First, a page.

Soils are complex ecosystems – three-dimensional and highly heterogeneous habitats that are simply teeming with living organisms. About 6.5% of the total organic substance of soil is alive. Up to 300 earthworms, 10,000 insect larvae and 10 million nematodes live in a square metre of grassland. And a single gram of dry soil contains about a billion bacteria and hundreds of thousands of single-cell organisms and fungi.
These microorganisms are responsible for all processes in the soil. They provide the plants with nutrients, stabilize the soil structure, improve the water storage and promote plant growth. Without this life in the soil no plant can grow and the soil is more or less dead. The character of the soil – its properties and how it functions – is determined by its microbiological ecosystem.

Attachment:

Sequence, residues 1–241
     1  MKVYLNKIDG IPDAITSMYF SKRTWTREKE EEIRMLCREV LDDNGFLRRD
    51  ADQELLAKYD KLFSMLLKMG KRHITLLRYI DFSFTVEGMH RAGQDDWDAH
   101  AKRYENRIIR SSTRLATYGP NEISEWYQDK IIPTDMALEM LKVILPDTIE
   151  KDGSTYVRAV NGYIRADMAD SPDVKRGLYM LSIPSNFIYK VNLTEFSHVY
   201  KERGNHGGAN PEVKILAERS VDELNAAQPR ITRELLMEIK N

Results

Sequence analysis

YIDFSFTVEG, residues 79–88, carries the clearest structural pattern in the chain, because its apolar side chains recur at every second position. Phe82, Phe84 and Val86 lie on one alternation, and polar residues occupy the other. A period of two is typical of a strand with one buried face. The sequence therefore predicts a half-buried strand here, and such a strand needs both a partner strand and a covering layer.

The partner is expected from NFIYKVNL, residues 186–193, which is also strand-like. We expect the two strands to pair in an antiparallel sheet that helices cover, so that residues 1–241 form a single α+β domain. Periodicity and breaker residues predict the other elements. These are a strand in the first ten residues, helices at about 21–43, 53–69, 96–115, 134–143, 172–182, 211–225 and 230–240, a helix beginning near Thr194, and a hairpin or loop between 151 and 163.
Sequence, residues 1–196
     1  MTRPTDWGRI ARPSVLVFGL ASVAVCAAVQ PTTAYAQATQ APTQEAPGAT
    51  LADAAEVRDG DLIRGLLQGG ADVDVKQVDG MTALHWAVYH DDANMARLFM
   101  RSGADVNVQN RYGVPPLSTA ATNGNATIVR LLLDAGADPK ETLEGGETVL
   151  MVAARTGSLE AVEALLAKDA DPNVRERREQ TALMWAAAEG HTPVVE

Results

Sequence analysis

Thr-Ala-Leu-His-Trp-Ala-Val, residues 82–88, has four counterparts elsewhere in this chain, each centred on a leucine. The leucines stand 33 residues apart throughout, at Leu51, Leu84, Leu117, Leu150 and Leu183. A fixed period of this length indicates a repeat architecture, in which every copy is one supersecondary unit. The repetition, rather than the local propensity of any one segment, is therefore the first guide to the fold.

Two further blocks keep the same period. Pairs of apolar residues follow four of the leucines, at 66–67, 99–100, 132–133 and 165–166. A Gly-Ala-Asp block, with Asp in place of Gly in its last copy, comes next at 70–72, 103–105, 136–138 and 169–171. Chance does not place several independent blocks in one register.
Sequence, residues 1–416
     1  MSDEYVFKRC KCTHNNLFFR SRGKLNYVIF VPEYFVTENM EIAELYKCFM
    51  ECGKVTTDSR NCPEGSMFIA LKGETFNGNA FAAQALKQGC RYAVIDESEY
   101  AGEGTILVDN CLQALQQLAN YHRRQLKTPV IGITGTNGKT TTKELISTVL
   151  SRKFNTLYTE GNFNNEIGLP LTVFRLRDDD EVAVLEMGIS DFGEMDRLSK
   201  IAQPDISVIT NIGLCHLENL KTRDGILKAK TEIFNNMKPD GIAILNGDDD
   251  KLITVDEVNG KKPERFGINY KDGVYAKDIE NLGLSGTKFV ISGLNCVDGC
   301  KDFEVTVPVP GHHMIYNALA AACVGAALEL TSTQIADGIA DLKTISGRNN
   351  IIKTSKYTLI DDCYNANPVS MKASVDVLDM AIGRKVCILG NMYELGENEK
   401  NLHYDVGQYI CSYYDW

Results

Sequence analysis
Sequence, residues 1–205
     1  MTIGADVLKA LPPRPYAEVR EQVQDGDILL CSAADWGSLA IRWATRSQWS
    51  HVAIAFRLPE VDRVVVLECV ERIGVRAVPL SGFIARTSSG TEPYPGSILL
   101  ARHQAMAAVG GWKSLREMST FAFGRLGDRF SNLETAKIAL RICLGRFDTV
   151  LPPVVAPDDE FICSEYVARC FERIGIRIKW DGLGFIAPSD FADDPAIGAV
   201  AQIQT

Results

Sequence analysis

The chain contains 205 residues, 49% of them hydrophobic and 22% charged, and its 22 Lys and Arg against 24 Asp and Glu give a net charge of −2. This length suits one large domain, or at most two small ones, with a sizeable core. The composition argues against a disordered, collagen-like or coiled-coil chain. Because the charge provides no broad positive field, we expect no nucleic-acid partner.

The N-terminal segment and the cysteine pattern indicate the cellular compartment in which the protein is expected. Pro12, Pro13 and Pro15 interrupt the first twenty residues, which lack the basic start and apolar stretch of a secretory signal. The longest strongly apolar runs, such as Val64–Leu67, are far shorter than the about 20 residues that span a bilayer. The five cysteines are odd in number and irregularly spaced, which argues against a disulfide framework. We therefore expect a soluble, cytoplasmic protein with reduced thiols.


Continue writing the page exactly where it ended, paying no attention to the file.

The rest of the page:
Bacteria and fungi do most of the work in the soil. Bacteria are responsible for the essential processes. They provide nitrogen and phosphate and are indispensable for carbon fixation. Without them plant remains in which carbon dioxide (CO2) is sequestered cannot be stored permanently in the soil.
Atmospheric CO2 is bound by plants or autotrophic micro–organisms and fed to the soil by processes such as root exudation and deposition of roots or leaves. In this way carbon is made bio-available for the microbial metabolism factory and then either returned to the atmosphere or it finds its way as extracellular compounds or as microbial necromass into the stable subterranean carbon store.
The latter process in particular is an important lever for using our soils as effective carbon stores – with the microorganisms doing the work.